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Introduction: Physical activity is recommended to maintain physical health. In addition, it is also thought that exercise affects the brain in different ways that may counteract the effects of mental deficiency, such as encouraging neurogenesis and improving cerebral perfusion and increasing cerebral blood flow.
Background: Physical exercise and fitness have been proposed as potential factors that promote healthy cognitive function.
Objective: Our objective was to evaluate the effects of a training program with standardized exercise on reaction time in male adolescents with mental deficiency.
Method: A total of 51 male adolescents, aged 14 to 16 years were divided into three groups: (1) healthy group (HG: 17 healthy school children without any mental deficiency), (2) a trained group (TG: n=17) that participated in an aerobic programme,consisting of one daily session (~60 min),twice weekly, during a period of three months, and (3) a sedentary group (SG: n=17, that performed no training). HG and TG were participants with mild mental deficiency. The software “REACTION” was used to measure the reaction time in response to visual stimulus at different periods (at rest: one day before exercise, immediately after exercise and one day after exercise). Anthropometric characteristics were determined in the three groups. All measurements were determined before and after the experimental period.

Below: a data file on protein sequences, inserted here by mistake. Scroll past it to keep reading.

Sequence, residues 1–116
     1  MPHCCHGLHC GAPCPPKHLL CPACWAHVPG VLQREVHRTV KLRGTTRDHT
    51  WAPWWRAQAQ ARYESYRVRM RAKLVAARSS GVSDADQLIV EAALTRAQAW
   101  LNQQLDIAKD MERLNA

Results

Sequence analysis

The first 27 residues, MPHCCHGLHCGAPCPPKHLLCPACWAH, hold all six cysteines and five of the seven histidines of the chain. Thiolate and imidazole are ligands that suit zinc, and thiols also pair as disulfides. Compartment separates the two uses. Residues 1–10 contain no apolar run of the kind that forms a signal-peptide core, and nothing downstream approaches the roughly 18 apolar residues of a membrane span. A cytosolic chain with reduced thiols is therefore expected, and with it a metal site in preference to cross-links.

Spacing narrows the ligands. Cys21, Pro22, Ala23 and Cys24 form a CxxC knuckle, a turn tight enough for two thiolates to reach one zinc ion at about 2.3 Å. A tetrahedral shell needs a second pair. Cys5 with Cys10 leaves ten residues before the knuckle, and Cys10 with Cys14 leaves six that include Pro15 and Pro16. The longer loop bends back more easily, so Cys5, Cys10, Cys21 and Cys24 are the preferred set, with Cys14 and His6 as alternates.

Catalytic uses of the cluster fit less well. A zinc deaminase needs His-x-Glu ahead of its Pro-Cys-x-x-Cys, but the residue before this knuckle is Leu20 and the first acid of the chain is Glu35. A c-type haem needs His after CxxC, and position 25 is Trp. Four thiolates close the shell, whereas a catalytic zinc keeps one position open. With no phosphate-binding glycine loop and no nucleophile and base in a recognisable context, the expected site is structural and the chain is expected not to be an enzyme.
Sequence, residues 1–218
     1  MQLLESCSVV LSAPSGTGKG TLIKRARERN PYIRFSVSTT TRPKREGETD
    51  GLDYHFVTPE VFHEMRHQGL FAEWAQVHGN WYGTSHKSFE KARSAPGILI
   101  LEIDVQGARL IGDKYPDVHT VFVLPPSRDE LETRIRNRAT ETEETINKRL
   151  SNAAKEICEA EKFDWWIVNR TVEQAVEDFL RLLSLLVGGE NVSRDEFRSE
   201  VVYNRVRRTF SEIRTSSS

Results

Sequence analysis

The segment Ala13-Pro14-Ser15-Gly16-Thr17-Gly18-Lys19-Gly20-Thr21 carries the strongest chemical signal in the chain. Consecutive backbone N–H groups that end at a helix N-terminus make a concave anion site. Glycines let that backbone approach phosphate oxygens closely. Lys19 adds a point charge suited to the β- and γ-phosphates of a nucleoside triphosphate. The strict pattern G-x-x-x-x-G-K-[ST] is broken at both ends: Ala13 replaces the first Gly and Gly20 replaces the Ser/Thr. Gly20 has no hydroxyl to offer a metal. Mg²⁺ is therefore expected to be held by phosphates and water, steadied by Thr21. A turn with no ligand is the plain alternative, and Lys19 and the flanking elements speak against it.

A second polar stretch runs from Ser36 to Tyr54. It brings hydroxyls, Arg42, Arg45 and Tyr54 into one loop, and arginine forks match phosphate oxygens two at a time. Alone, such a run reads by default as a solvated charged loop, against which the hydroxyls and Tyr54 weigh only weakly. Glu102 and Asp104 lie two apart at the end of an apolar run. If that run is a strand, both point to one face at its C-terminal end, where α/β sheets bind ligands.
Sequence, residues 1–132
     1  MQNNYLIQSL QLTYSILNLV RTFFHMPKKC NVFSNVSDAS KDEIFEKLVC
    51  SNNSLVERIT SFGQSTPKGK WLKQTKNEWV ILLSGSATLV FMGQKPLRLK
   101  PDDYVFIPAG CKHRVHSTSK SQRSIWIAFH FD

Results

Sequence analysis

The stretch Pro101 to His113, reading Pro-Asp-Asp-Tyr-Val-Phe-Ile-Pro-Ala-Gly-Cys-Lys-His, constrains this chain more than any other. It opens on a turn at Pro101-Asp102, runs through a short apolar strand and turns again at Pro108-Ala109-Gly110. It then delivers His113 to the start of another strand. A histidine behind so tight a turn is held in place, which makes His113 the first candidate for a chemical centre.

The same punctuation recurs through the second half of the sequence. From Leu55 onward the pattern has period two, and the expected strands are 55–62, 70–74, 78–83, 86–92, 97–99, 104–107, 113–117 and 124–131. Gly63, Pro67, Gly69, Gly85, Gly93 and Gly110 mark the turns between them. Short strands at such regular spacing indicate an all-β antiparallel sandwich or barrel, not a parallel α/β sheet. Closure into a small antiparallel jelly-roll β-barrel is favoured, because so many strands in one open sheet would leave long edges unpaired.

Comparisons were determined for intra and inter-groups.
Results: The results showed significant differences (p<0.001) in reaction time between SG and TG in the different time periods. In addition, the mean of reaction time in TG was similar to that observed in HG.
Conclusions: This research suggests that three months of regular exercise training significantly improved reaction time and consequently the cognitive function in mild mentally deficient adolescents. Physical activity seems to be an indispensable means of improving performance of cognitive activity in adolescents with mild mental deficiency. In addition, these results could be used to justify the relationship between task difficulty and exercise.